Screening patients for abnormal preoperative hematocrit levels is common, but there is little evidence that preoperative anemia or polycythemia is associated with adverse outcomes. Using data from a retrospective cohort study of older veterans (predominantly men) undergoing major noncardiac surgery, Wu and colleaguesArticle investigated the prevalence of preoperative anemia and polycythemia and their relationship to 30-day postoperative mortality and cardiac event rates. The authors report that each percentage-point increase or decrease in hematocrit level outside the normal range was associated with a 1.6% (95% confidence interval, 1.1%-2.2%) increase in the study outcomes. In an editorial, Farjah and FlumArticle discuss the advantages of large and high-quality observational databases for assessing the relationship between patient factors and adverse outcomes.
Racial differences in the use of coronary revascularization after acute myocardial infarction (MI) have been documented. However, whether these disparities are a consequence of racial differences in admission to hospitals lacking revascularization services and rates of transfer to hospitals with revascularization services is not clear. Popescu and colleagues investigated the relationships of race, revascularization, and mortality in a retrospective cohort of black and white Medicare beneficiaries. The authors found that compared with white patients, black patients admitted to hospitals without revascularization services were less likely to be transferred to hospitals with the service, were less likely to undergo revascularization even in hospitals with revascularization, and had higher 1-year mortality rates.
In a review of National Institutes of Health (NIH) R01 grants for 1964-2004, Dickler and colleagues assessed the annual number of first-time applicants with an MD, a PhD, or both degrees; and by degree type, the relative likelihood of receiving a grant; the likelihood of applying for and receiving a subsequent award; and applicants' proposed involvement in clinical vs nonclinical research. The authors found that the annual number of first-time physician (MD-only) applicants was stable during the 4 decades studied. However, MD-only applicants had less success obtaining first and subsequent funding compared with applicants with a PhD alone or both degrees. First-time physician applicants were more likely to propose clinical research and were funded at lower rates than the other 2 applicant categories.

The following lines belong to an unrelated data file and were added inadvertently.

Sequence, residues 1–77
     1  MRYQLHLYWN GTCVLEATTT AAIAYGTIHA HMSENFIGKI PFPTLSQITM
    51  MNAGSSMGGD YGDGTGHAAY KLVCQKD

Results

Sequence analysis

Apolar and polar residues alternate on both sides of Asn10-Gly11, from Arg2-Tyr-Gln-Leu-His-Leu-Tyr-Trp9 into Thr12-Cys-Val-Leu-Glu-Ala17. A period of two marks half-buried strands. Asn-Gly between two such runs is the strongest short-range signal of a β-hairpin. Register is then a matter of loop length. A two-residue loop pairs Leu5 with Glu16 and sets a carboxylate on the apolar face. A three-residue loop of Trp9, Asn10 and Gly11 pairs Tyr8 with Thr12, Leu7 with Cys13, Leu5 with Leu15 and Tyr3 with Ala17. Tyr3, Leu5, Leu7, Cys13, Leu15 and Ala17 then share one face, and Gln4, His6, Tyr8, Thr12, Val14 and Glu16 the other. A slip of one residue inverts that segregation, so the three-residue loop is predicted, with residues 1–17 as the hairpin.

McAlister and colleagues reviewed the evidence relating to efficacy, effectiveness, and safety of atrial-synchronized biventricular pacemakers (cardiac resynchronization therapy [CRT]) for patients with symptomatic heart failure and left ventricular systolic dysfunction, despite optimal pharmacotherapy. The authors report that CRT use was associated with improvements in quality of life and functional status and with reductions in hospitalizations and all-cause mortality, with a 5% risk of device or lead failure and a 2% risk of infection in the first 6 months after implantation.
“I thought back to what often felt like the roller-coaster of the disease's hurtling progression toward death, with exacerbations and remissions, false hopes, and then sudden tragedy and disappointment.” From “Small Victories.”
Studies by military researchers using regional anesthesia to treat soldiers with acute injuries suggest this approach may be superior to general anesthesia and may help prevent the development of chronic pain.
The importance of value-based health insurance benefits to control health care costs and physician involvement in a medical commons to ensure proper allocation of medical resources.
A successful strategy to increase institutional research productivity includes investment of clinical income in biomedical research.
Announcing a new French-language online edition of JAMA.
For your patients: Information about heart failure.
This Week in JAMA . JAMA. 2007;297(22):2445. doi:10.1001/jama.297.22.2445